WeWork founder Adam Neumann has suffered a historic fall from grace in the past several months. The man who sought to be the world's first trillionaire now finds himself expelled from the company he built. However, the hubris that led to his exodus also secured…
A good number of founder-CEOs who have grown startups to billion-dollar valuations have demonstrated strong wills, excesses and eccentric behaviors that have sometimes placed them in conflict with their boards and biggest shareholders.
All this can be tolerated if they are delivering. In the case of former WeWork CEO, Adam Neumann, it was a case of all the negative things with little to no positive.
Neumann had no one to blame but himself, though, as instances of his poor management skills and other personal deficiencies are in plenty. As recently as during the lead up to the IPO, for instance, the former WeWork CEO amply demonstrated that he couldn’t get his priorities right.
At such a critical juncture in the young company’s life, Neumann was vacationing in the Maldives, per The Wall Street Journal. But when required to go over the IPO prospectus before sign-off over the phone, Neumann declined to suspend his vacation, instead preferring to have a junior executive travel all the way to the Maldives to brief him in person.
Neumann also exhibited a complete lack of self-awareness and integrity. While there were many cases of self-dealing by Adam Neumann listed in the prospectus, none were more egregious than trademarking ‘We’ and then selling it to WeWork for $5.9 million.
The ex-WeWork CEO also seems to have been unbounded by reality. While such statements as ‘our mission is to elevate the world’s consciousness’ in the WeWork IPO prospectus may have earned chuckles among investors, bizarre had for long been Neumann’s middle name.
Per The Washington Post, Neumann harbored goals that included attaining immortality; goals that would have anyone else not named Adam Neumann committed to a mental institution for spouting them:
“His goals are wide-ranging and unbounded by reality — becoming the world’s first trillionaire, taking WeWork to Mars, living forever, being Israel’s prime minister or “president of the world.”
Poor judgment was another character flaw that helped fell Neumann. Last month the Journal reported that Neumann was so negligent that he smoked marijuana on a transatlantic chartered flight. Additionally, some of the marijuana was stashed in the hired jet, supposedly for use on the return flight, putting the plane’s owner at great risk of facing drug trafficking charges.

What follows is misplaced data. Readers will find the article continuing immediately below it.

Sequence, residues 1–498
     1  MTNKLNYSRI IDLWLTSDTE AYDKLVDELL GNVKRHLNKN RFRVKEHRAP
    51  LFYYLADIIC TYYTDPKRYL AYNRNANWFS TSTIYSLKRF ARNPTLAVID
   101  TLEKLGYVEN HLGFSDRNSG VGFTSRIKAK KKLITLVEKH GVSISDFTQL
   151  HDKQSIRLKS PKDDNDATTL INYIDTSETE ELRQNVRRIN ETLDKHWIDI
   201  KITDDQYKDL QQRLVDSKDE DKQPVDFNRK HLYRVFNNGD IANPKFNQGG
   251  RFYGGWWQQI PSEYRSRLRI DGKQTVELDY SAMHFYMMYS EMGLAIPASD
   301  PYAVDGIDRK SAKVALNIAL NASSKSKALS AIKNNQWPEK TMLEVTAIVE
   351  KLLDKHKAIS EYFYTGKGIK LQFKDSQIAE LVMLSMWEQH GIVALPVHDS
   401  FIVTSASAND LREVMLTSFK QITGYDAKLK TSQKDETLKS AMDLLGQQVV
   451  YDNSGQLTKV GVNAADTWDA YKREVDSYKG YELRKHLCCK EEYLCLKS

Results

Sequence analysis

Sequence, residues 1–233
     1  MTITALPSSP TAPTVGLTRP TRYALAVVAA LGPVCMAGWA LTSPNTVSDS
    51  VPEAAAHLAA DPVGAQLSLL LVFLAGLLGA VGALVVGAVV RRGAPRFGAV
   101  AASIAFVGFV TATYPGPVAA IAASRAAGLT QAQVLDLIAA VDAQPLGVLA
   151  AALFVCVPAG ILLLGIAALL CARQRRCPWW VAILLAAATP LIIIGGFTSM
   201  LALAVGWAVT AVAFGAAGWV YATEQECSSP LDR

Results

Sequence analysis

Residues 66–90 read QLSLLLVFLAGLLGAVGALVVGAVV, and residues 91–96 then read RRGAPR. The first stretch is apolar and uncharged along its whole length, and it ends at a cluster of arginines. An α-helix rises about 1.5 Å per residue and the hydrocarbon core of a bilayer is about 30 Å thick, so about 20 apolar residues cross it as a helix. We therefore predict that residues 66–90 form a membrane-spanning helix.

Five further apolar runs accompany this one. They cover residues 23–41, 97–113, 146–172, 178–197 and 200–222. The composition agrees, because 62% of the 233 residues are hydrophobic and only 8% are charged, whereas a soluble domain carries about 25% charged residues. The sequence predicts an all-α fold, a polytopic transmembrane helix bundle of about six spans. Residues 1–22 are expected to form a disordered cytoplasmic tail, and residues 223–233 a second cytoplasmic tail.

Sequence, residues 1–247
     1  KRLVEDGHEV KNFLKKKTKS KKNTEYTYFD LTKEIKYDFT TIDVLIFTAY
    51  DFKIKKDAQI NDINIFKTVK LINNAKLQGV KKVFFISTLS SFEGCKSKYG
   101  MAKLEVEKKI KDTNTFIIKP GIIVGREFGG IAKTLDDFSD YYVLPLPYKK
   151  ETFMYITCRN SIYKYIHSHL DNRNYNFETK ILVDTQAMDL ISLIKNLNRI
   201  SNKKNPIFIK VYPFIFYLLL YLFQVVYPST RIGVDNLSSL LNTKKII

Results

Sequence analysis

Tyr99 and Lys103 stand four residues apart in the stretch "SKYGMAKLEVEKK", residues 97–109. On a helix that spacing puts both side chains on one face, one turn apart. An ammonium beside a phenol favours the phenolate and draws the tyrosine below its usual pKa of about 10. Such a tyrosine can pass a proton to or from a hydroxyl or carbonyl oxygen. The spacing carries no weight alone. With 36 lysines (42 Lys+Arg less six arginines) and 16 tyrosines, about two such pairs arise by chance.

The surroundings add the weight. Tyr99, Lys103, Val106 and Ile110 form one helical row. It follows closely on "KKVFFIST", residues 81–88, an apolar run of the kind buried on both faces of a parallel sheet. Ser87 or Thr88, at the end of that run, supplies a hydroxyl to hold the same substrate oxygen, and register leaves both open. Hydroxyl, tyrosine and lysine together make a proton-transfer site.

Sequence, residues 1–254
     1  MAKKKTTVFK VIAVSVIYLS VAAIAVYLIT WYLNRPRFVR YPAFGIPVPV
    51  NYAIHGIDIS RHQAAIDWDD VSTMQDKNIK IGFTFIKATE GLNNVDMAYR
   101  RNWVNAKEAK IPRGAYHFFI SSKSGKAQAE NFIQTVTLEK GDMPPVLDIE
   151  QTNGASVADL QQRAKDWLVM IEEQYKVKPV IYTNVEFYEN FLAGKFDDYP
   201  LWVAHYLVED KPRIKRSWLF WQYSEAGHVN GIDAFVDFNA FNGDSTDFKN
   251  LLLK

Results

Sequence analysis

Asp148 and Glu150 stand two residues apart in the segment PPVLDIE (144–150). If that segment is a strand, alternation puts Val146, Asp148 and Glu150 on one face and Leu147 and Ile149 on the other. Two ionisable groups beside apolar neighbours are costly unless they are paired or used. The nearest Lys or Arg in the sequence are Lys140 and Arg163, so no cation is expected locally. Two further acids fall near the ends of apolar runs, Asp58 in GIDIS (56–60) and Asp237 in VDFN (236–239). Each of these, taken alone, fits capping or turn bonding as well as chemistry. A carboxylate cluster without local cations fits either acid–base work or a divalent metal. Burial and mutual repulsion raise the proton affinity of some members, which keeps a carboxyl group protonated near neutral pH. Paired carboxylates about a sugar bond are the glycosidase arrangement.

While no CEO ever gets it right all the time with regards to acquisitions, Neumann failed spectacularly in this department, again demonstrating poor judgment. Nearly all the acquisitions WeWork had made in the last 24 months have been sold in the reorganization that is still taking place, leaving the startup only with its core business.
And despite the endearing image that he cultivated, Neumann seemed to have failed to command loyalty among colleagues and WeWork’s employees. Some rejoiced when he was let go and even questioned his generous $1 billion exit package.
Even more humiliating, Neumann’s personal memorabilia was taken down from his office as soon it was announced he was departing. His luxurious office was also immediately converted into a conference room as his key card access to the office was promptly deactivated. This is despite the fact that he was still the chairman (at the time, and not for long).
Despite all the efforts, there is something that can’t be erased from his tenure at WeWork. In the weeks following WeWork’s scrapping of its IPO, nearly $40 billion in valuation was lost. That will be hard to forget.
This article was edited by Sam Bourgi.
Last modified: October 27, 2019 5:26 PM UTC